Forget, for a moment, the usual political meanings of “conservative” and “liberal.” Philosophically speaking, I think that a liberal is essentially optimistic about human nature while a conservative is essentially pessimistic. A liberal, in other words, believes that people are basically good; a conservative believes they are basically rotten, or at least highly corruptible. (What a liberal or conservative might choose to do about those beliefs is anyone’s guess; a conservative, for example, might believe that people are rotten and must be kept under control–or that people are rotten and therefore not fit to be put in charge of anyone else.)

A New Agrarian need not go so far in condemning human nature–optimists are more than welcome–but no pie-in-the-sky let’s-all-live-in-harmony crap (see principle 1) will be tolerated. An agrarian philosophy must begin with a realistic acceptance of human nature and of nature itself, and learn how to work within the world we inhabit.

Practical conservatism is easier to define. Although change is certainly not to be feared–a New Agrarian is not hidebound–it is also not to be valued merely for its own sake. When a problem has multiple solutions, the agrarian employs a workaday version of Occam’s Razor and chooses the simplest. The tool to use for a particular job is the best one for that job, and a new tool should be demonstrably better than the one it replaces, not merely newer. If a new tool or method or idea is demonstrably superior to the old one, however, it should be readily adopted. What is right for the New Agrarian is what works, so long as it is consistent with his or her values.

4. A New Agrarian believes in the worth of old-fashioned virtues, but also believes that one doesn’t have to be a prude about them.

There was a great deal of value in earlier systems of virtues. Industry, meaning the willingness and desire to work hard, is useful if one intends to get bread from the soil. Frugality means not a Scrooge-like forbearance of any petty luxury but a willingness at least to count to ten before embracing new extravagance and, I think, a refusal on principle to dispose lightly of creation. (For that reason, I cling to the traditional view of good Pennsylvania Dutch farmwives that bad cooking is a sin.) Temperance, in its original sense, means not to swear off liquor but simply to embrace moderation as a guide in all things, to put good sense ahead of momentary indulgence–to temper one’s desires, not to deny them entirely. All three are sensible guides for life in any time or place, not least so in a rural setting.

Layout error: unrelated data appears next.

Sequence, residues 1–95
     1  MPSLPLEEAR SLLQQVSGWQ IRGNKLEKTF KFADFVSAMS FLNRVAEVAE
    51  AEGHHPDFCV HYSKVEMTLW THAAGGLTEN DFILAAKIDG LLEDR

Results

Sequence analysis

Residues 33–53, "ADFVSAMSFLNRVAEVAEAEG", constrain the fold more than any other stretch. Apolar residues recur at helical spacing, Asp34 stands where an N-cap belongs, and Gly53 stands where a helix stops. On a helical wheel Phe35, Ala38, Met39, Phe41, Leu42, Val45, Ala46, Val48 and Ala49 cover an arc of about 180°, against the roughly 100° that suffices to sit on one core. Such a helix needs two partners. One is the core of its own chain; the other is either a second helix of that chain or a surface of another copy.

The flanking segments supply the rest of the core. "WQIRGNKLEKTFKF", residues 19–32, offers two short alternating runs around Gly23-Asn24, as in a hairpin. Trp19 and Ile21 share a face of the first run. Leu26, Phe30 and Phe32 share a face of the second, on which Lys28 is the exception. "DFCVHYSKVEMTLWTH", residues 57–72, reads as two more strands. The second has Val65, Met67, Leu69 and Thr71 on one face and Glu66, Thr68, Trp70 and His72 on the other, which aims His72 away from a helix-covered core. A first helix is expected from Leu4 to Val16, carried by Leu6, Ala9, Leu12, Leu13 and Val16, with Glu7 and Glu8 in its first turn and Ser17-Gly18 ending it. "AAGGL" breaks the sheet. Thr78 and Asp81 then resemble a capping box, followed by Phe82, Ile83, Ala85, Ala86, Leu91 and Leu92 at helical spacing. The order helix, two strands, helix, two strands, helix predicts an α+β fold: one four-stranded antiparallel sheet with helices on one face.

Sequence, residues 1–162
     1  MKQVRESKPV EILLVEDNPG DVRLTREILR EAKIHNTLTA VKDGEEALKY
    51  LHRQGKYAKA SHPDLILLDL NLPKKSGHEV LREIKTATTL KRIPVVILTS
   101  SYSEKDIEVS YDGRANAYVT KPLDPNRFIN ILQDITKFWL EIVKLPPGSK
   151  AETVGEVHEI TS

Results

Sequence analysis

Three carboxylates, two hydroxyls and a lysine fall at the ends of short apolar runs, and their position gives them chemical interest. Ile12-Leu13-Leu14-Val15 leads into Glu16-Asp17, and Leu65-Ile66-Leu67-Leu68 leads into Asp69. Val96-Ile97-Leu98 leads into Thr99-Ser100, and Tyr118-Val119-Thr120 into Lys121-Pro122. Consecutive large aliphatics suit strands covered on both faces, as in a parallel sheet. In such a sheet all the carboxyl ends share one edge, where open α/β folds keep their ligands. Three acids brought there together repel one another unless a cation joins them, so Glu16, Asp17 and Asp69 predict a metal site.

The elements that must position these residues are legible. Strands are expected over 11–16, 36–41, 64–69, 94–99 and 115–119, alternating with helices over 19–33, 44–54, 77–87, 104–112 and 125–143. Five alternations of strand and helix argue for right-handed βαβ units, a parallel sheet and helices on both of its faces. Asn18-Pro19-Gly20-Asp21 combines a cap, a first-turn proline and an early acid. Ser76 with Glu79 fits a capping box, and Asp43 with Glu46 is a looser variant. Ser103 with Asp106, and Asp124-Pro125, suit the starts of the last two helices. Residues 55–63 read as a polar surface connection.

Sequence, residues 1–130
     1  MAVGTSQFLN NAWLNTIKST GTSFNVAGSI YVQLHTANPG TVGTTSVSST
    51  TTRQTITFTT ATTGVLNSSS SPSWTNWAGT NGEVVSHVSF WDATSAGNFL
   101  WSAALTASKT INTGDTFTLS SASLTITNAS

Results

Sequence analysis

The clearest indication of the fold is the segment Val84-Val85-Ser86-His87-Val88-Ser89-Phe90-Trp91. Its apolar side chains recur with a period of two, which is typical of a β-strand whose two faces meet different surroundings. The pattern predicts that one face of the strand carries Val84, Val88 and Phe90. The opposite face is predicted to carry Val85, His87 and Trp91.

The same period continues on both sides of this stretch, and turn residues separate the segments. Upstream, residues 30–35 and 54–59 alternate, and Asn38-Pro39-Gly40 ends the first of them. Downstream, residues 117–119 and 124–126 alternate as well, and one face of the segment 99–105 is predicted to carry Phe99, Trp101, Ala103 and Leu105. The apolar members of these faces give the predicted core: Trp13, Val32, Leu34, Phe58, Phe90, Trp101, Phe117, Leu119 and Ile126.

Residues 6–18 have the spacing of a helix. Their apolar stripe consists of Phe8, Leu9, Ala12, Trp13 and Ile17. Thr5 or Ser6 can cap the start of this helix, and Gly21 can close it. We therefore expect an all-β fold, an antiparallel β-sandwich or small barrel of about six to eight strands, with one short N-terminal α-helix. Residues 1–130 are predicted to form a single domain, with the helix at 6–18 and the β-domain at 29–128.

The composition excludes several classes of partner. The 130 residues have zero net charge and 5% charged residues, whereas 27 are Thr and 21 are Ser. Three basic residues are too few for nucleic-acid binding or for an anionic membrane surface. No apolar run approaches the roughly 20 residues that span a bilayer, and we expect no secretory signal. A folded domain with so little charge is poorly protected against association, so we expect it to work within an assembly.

One does not, however, have to be a prude. There is far too much good in creation not to enjoy it, and far too much misery not to embrace the good while we have it. Every rural culture needs its festivals, its carnivals, its ferías, its periods of reckless abandon that revive and restore. And however much we may enjoy our work (or wish to), the struggles and irritations of daily life need food, beer and wine, music and dancing, and sex to make them bearable. Food and sex are good things; never let anyone tell you otherwise. It is only when they are removed from all social and cultural context, allowed to roam free as ends in themselves — think fast food or prostitution — that they risk becoming evils.

All things in moderation, says the New Agrarian — even excess.

5. A New Agrarian prefers informal means of social and economic organization to formal ones.

Agrarians abhor concentrations of power. This is nearly universal, whether it makes them politically conservative or liberal; some find concentration of political power more abhorrent, some concentration of economic power. But power corrupts, and New Agrarians detest all its forms equally. Concentration of political power withers free thought and voluntarism; concentration of economic power stifles initiative and innovation; concentration of military power enforces tyranny and breeds barbarism.

Yet New Agrarians recognize the need for order in a community or a society. They are not anarchists, wistfully though they may glance in that direction. People do and must live in groups, and they must make decisions about their collective future in some organized way. The New Agrarian prefers, however, an informal order based (ideally) on convention, courtesy, and cooperation, or (practically) a semi-formal “grass-roots” order that invites the contributions of all, accepts diversity rather than demanding consensus, and leaves room at the margins for dissent. Enforcement, too, should be as informal as possible, relying on community disapproval rather than force to maintain order. Being practical (see principle 3), New Agrarians recognize the need to “get things done,” but are unwilling to sacrifice diversity and innovation in the name of questionable progress.

6. A New Agrarian strives to integrate the economic and spiritual aspects of his or her life.